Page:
Expert Systems and Fuzzy Logic

Expert Systems and Fuzzy Logic

Copyright: © 2018 |Pages: 28
DOI: 10.4018/978-1-5225-3244-6.ch003

Abstract

An expert system is a system that employs human experience or knowledge captured in a computer to solve problems that ordinarily require human expertise. They may or may not have a learning component. Expert systems are a branch of Artificial intelligence. Truemper describes an expert system as an intelligent system which in an interactive setting asks a person for information and, based upon the response, draws conclusions or gives advice. Problems tend to be solved using heuristics (rules of thumb) or approximate methods or probabilistic methods which, unlike algorithmic solutions, are not guaranteed to result in a correct or optimal solution. The authors go further to clarify that expert systems usually have to provide explanations and justifications of their solutions or recommendations in order to convince the user that their reasoning is correct.
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Expert Systems

Expert systems have evolved over the years and have been applied to medical diagnoses systems, robotics, speech recognition and language processing among others. It can be noted from Wang et al (2003) that expert systems have also been applied in maintenance as condition monitoring and diagnostic systems. Expert systems are different from automation or step-by step programming or conventional computing. In the case of Expert systems, Wang et al (2003) points out that the computer is given knowledge about the subject area plus some inference capability. Expert systems are not just a set of algorithms or some mathematical formulae software based on symbolic representation and manipulation. A symbol, letter, sentence or number is used to represent objects like things, ideas, events or statement of facts. Giarratano et al stated the analogy of the two systems as:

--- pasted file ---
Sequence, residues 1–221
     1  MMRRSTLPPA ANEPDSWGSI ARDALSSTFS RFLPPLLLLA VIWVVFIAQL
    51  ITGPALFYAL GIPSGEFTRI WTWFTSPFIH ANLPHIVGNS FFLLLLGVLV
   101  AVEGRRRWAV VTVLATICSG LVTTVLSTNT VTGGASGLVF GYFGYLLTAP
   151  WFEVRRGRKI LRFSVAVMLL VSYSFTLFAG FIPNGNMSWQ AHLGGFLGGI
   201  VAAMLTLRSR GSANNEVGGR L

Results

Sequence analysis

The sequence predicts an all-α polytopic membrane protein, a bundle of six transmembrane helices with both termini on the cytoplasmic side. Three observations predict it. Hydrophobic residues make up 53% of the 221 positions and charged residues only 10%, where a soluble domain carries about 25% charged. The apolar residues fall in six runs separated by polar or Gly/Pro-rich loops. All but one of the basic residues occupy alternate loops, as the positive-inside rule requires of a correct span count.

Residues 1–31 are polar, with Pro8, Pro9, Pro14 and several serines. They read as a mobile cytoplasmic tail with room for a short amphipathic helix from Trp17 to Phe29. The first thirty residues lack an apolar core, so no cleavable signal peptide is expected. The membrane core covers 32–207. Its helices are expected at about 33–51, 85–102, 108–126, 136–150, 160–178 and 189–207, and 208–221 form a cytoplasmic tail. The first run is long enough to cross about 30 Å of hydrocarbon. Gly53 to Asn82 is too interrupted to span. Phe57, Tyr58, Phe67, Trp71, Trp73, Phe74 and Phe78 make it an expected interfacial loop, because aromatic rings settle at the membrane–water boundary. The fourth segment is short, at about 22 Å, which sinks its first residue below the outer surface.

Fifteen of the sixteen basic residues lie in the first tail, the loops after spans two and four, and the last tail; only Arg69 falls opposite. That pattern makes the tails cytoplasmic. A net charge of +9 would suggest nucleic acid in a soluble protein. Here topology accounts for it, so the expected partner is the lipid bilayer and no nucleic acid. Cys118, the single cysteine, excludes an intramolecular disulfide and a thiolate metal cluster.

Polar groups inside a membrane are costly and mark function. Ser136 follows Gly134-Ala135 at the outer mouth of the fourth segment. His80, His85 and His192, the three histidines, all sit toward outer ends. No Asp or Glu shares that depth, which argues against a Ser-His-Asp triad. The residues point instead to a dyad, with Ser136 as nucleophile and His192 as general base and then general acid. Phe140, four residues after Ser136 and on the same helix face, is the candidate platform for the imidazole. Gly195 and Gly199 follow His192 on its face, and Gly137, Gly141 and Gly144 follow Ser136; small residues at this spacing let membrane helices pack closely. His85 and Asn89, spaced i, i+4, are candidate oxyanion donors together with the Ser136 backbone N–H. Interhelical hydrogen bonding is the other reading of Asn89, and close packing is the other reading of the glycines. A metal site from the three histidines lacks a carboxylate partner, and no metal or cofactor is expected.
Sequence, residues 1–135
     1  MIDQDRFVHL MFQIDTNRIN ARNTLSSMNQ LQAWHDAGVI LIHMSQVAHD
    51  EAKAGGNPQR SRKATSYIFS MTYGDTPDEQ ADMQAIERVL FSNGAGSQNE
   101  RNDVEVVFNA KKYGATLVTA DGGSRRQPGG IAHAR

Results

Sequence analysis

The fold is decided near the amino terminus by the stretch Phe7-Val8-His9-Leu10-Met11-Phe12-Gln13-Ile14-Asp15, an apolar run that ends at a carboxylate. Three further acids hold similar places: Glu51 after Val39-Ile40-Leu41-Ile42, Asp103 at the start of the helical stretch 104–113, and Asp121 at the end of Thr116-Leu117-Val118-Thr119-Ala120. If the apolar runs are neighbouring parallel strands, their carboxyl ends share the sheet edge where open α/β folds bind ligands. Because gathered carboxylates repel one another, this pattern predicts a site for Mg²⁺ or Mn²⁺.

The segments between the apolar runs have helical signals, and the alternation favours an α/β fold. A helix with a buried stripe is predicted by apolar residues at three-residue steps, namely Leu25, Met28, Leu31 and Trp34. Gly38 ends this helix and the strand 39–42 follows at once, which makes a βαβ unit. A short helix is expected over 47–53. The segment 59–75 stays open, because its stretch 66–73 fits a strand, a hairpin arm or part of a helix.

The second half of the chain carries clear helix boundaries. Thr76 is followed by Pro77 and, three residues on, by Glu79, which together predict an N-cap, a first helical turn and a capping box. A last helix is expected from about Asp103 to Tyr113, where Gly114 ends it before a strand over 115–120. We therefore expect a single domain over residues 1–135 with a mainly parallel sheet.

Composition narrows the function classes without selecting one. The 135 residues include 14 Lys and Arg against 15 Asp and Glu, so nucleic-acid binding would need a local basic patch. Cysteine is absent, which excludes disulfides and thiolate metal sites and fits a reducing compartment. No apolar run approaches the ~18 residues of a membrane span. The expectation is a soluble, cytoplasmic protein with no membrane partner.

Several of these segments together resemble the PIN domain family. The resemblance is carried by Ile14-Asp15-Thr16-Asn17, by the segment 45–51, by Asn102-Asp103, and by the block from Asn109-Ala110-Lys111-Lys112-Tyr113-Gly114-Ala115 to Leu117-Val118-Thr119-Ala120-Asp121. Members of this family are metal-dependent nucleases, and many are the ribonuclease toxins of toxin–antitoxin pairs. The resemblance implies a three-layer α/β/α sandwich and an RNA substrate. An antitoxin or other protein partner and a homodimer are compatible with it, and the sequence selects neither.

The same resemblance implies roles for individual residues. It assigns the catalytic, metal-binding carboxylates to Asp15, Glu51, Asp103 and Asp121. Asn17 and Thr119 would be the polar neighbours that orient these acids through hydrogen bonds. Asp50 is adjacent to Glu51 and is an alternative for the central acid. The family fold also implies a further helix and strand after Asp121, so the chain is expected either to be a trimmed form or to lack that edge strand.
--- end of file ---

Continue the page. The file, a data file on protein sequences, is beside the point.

• Conventional Computer Algorithms

    (1)

  • Expert Systems

    (2)

Expert System Architecture

Figure 1 below shows the system architecture. The data is input by the user or some sensors through the user interface. The user interface has an interviewer component and an explanation facility. The interviewer component controls the dialog with the user and allows measured data to be read into the system. The system for instance asks the user a series of questions, or read a file containing a series of test results (Bullinaria, 2005).

The output of the system is advice, suggestions and explanations. Wang et al (2003) realises that expert systems should give guidelines or instructions on remedy measures on failed equipment, just like the way a human Engineer would do.

The explanation facility provides the ability to trace the inference paths. Bullinaria et al (2005) explains that the explanation facility gives the system’s solution, and provides the user with information about its reasoning process. It might output the conclusion, and also the sequence of rules that was used to come to that conclusion. It might instead explain why it could not reach a conclusion.

Figure 1.

Expert system architecture

Aziz, 2005.

Knowledge Base

This component of Expert system is necessary for understanding, formulating, and solving problems (Wang, 2003). Expert system maintains the expert’s domain knowledge in a module known as knowledge base. According to Aziz (2005) the Expert system uses rules technique to code the knowledge in the knowledge base. A rule is an IF/THEN structure that logically relates information contained in the IF part to other information contained in the THEN part.

Inference Engine

This is the brains behind the system. It is the control structure and interprets the rules. Wang et al (2003) describes the inference engine as the component which give direction of how to use the system knowledge. It can be generally described as the search method in an expert system. Wikipedia describes an inference engine as applying logical rules to the knowledge base and deduced new knowledge. This process would iterate as each new fact in the knowledge base could trigger additional rules in the inference engine (‘Inference Engine’ n.d.).

Two Inference mechanisms are generally used. These mechanisms are forward chaining which is a data driven approach and backward chaining which is a goal driven approach (Wang et al, 2003)

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